It all started with our phonics lesson today – I stumbled upon a soapbox. I felt called to climb on top of it. Rest assured, it was a five-year-old appropriate soap box.
We began learning about the letter u. Our district purchased the Journey’s series and I incorporate the Alphafriends into our phonics lessons each week. Each Alphafriend has its own song and I try my best to make up dance moves to each one. They function as great cues for students when sounding out words or locating letters. Often, I can prompt with the Alphafriend and the student will point to it and its letter.
If you notice, I referred to the Alphafriends as it. While some are clearly supposed to be male or female, there are some characters that are not so clear. I have noticed this year, more than others, that knowing the gender of the character is important to the students.
When Umbie was introduced today, almost IMMEDIATELY, a child asked “Is Umbie a boy or a girl?” Another student started searching the words of the song looking for “he” or “she” – none. So she looked for “his” or “her” – none. This stumped the students. I couldn’t resist… I sat down with the students and asked “Why?” – why is it so important to know whether Umbie is a boy or a girl?
Well, this question had them silent. I could see the wheels turning in their heads. The little girl wasn’t sure how to answer or what to say. So, I gently probed again, “Why is it important to know whether Umbie is a boy or a girl?” With sweetness in her face, she finally said, “I don’t know.”
I asked, “Will Umbie’s song be different or less fun if Umbie is a boy or a girl?” All the little children said, “Noooooooo.”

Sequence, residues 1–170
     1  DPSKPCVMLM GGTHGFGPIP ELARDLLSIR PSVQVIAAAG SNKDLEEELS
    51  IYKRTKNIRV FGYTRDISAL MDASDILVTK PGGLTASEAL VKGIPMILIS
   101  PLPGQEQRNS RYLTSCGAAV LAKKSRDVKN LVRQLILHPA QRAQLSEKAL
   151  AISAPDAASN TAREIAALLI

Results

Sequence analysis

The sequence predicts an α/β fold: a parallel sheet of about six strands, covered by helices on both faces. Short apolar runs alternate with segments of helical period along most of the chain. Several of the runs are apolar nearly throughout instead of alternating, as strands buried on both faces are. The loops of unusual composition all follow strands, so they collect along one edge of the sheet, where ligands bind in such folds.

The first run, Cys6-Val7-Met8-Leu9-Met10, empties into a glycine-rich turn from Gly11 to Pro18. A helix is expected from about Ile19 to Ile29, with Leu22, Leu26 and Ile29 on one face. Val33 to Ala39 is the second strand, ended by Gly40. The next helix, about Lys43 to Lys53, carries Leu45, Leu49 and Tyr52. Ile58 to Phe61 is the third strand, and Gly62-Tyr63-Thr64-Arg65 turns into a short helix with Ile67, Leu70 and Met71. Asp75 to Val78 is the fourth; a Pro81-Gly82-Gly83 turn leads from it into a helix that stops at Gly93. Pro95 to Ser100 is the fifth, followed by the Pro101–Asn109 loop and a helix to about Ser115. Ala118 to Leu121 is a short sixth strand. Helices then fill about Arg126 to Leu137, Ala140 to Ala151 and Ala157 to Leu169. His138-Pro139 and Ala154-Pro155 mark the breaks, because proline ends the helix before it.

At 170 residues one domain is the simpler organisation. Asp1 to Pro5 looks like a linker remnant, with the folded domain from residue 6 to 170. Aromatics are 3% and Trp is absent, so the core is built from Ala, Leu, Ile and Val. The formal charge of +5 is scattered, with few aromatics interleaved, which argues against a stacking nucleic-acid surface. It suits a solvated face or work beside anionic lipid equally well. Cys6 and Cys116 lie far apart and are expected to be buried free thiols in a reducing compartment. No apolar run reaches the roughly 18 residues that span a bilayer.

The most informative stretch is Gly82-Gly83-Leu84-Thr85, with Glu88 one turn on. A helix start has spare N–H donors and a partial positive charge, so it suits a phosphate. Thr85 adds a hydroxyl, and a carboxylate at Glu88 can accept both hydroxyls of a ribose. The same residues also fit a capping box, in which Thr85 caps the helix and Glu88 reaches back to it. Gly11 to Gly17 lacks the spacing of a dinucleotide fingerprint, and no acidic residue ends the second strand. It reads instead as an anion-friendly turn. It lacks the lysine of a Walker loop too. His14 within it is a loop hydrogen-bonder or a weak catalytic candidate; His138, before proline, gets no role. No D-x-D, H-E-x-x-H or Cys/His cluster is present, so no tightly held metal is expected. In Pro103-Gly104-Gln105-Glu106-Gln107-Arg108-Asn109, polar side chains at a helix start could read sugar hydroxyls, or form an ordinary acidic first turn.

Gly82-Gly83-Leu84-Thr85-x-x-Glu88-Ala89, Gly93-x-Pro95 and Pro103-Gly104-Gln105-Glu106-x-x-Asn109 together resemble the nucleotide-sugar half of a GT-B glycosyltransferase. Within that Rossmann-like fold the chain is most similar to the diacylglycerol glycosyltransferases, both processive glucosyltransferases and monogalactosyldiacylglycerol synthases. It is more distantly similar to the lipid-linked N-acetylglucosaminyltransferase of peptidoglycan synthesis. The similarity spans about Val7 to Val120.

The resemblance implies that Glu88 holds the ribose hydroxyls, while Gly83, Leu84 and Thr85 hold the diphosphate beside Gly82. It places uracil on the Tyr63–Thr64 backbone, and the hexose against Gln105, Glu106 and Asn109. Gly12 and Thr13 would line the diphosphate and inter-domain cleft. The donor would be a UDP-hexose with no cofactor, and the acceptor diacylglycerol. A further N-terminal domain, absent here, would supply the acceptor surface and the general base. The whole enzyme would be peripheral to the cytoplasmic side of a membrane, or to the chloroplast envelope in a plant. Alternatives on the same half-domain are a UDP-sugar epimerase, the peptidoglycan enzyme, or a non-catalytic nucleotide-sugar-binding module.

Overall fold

I asked, “Will the letter u make a different sound if Umbie is a boy or a girl?” And all the little children said, “Noooooo.”
I finished by saying simply this, “Sometimes we like to know if someone is a boy or a girl. That is ok. But, it’s not important. I knew we would all have fun even before I knew who was a boy or a girl. Being kind is what is important.”
Cue music, I slipped off the soapbox and we went about our lesson.
So, what does this have to do with literacy? Besides the fact it happened during my phonics lesson? Well of course I”m going to give you some resources – picture books, et al, to discuss these issues with your own kiddos. The topic is deep and mature, but in my opinion, not to heavy for our smallest learners. Gender roles are brought up almost on a daily basis in the classroom. Boys are playing “too rough”. Girls are being “too bossy”. Johnny is wearing a pink shirt – pink is a girl color. Susie wants to play with the trucks but those toys are for boys. Blah blah blah… Use these small moments to bring to a child’s attention that there are no such thing (in my opinion) as boy toys or girl toys, boy colors or girl colors, etc. At least once a week, I see a story like this and my heart is broken. I strive to do what I can to create an environment in which my students feel safe – physically and emotionally – no matter what.
A simple way to do this is to read books where male/female characters don’t conform to stereotypical gender roles.
One of my favorite books to read is The Paperbag Princess by Robert Munsch. The Princess slays the dragon – not the prince.
Love Cornelia Funke and this beauty – The Princess Knight. This princess is as brave and strong as her brothers and she is willing to prove it to everyone. (A la Merida and Mulan)
In William’s Doll, Charlotte Zolotow inroduces us to a little boy who wants a doll more than anything.
In Sam Johnson and the Blue Ribbon Quilt, Sam thinks men should be able to quilt just like women.
We are Free to be You and Me